At Long Elementary in Harlingen, TX, where I teach 4th grade, more than 72 percent of our students are considered economically disadvantaged, while nearly 10 percent are English language learners, and 11 percent are special ed. When you have this mix of students, the flexibility afforded by technology to differentiate lessons based on student needs is invaluable. It also helps that many of these tools are visual, which can not only help students with additional needs, but will also help other students grasp concepts more thoroughly, as well.

These are the tools that I use in my classroom to ensure every student’s needs are being met:

1. Bloomz is a free mobile app that includes every feature teachers need to effectively communicate with parents, including conference and volunteer sign-ups, direct messaging, and a translation feature for non-English speaking parents. Teachers can also send home photos and videos from the school day, as well as reminders about upcoming events and additional resources to help with homework assignments.

Why it’s essential:

Parental involvement gives students a greater chance for academic success. For instance, before Bloomz, it was difficult to ensure all students completed their homework, but with Bloomz, the parents always get the homework post before the kids even get home for the day. There have been a couple of instances where kids have tried to “forget” homework at school, but the parents drove them right back up to school to retrieve it.

Often, non-English speaking parents can feel disconnected from the classroom, because they are not able to access information like native English speakers can. Using the translation feature, I am able to reach all parents with a single message.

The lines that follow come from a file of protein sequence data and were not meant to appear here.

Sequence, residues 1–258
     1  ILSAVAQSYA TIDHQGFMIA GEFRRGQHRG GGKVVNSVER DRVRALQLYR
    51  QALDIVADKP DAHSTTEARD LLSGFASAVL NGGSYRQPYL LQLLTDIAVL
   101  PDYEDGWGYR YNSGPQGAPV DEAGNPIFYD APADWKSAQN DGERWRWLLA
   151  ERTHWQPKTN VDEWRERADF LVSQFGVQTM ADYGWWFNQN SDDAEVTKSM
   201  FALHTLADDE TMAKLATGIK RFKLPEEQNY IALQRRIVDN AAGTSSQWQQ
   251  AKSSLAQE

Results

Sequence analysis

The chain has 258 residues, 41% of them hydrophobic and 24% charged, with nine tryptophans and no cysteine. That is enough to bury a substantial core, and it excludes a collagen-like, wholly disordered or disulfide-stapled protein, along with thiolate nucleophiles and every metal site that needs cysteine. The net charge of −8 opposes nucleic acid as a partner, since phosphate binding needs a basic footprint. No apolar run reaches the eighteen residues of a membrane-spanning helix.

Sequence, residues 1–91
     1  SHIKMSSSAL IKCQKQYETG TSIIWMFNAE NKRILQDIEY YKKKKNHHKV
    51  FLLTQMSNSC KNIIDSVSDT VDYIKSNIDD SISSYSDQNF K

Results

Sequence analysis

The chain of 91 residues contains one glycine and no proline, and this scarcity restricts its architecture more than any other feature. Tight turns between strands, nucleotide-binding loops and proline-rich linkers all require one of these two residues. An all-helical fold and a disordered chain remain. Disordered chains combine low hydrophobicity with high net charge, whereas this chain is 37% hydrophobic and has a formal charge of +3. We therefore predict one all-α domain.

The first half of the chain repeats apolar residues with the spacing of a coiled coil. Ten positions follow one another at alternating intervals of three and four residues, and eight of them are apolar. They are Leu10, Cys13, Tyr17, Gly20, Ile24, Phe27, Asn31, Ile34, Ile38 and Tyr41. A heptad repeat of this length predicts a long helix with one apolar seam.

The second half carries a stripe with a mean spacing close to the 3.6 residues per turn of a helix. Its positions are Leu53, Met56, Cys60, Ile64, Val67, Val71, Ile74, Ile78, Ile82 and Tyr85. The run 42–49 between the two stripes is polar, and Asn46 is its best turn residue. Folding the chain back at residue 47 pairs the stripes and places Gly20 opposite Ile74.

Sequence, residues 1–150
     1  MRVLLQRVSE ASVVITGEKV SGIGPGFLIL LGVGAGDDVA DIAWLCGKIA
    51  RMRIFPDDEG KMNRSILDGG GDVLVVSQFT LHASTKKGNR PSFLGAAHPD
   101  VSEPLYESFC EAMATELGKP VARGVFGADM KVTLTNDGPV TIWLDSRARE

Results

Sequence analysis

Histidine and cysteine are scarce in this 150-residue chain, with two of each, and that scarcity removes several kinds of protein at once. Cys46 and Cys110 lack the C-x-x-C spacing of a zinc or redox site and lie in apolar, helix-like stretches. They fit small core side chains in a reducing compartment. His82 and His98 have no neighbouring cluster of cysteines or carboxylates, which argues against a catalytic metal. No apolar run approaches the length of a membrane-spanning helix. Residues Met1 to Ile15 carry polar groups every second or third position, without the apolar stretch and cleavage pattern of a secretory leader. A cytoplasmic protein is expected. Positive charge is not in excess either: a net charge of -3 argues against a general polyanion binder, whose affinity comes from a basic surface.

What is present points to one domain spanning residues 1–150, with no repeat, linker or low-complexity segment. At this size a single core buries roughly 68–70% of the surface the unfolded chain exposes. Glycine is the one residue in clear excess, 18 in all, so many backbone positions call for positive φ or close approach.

I can use the app to get parents involved with student learning at home. I recently did a treasure hunt competition with the help of parents. The first 10 students to submit pictures of the three types of angles found at home or in public would receive free homework passes. The kids loved it, and so did the parents.

(Next page: 2 more differentiated learning tech essentials)

2. Kidspiration is a learning software designed for grades K­–5 that uses visual learning to teach math, reading, writing, and thinking skills in a cross-curricular environment. There is a visual mode, a writing mode, and a math mode that helps student understand concepts like place value and geometric thinking.

Why it’s essential:

When you have a diverse classroom full of students with different learning styles and skill levels, it is important to have tools that can be modified based on these factors. Kidspiration activities are highly visual, making it a powerful tool to use with ELL students, as well as any student who may need additional support in a given subject. The cross-curricular nature of these activities also helps root student learning in real-life situations and thinking skills.

3. Popplet is a virtual idea map, available on the iPad and the web, that students can use to form connections between concepts in a visual way.

Why it’s essential:

The web-based format helps students connect their learning from one area to another. Students can input facts, thoughts, and images, making it a very visual way to form these connections. This can be helpful for ELL students, since they can form these connections at their own pace and see a whole idea laid out before their eyes.

These flexible tools can be used to enhance learning for students with different skill levels, learning styles, and native languages, all important factors in our increasingly diverse classrooms.

About the Author:

Camille Cavazos teaches 4th grade at Long Elementary in Harlingen, TX.